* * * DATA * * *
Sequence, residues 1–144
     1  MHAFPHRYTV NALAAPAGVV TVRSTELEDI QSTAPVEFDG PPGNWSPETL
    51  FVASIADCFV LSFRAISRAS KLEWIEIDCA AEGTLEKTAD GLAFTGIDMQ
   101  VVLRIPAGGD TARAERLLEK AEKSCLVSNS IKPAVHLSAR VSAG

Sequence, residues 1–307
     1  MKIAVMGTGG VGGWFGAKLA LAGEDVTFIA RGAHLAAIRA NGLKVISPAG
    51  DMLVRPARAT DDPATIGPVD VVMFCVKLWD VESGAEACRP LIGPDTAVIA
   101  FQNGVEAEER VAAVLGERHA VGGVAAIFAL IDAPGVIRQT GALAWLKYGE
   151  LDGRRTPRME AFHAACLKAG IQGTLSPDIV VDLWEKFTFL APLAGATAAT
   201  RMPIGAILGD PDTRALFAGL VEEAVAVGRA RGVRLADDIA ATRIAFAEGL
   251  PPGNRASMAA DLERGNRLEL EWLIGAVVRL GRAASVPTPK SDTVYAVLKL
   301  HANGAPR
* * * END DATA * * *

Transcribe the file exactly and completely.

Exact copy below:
Sequence, residues 1–144
     1  MHAFPHRYTV NALAAPAGVV TVRSTELEDI QSTAPVEFDG PPGNWSPETL
    51  FVASIADCFV LSFRAISRAS KLEWIEIDCA AEGTLEKTAD GLAFTGIDMQ
   101  VVLRIPAGGD TARAERLLEK AEKSCLVSNS IKPAVHLSAR VSAG

Sequence, residues 1–307
     1  MKIAVMGTGG VGGWFGAKLA LAGEDVTFIA RGAHLAAIRA NGLKVISPAG
    51  DMLVRPARAT DDPATIGPVD VVMFCVKLWD VESGAEACRP LIGPDTAVIA
   101  FQNGVEAEER VAAVLGERHA VGGVAAIFAL IDAPGVIRQT GALAWLKYGE
   151  LDGRRTPRME AFHAACLKAG IQGTLSPDIV VDLWEKFTFL APLAGATAAT
   201  RMPIGAILGD PDTRALFAGL VEEAVAVGRA RGVRLADDIA ATRIAFAEGL
   251  PPGNRASMAA DLERGNRLEL EWLIGAVVRL GRAASVPTPK SDTVYAVLKL
   301  HANGAPR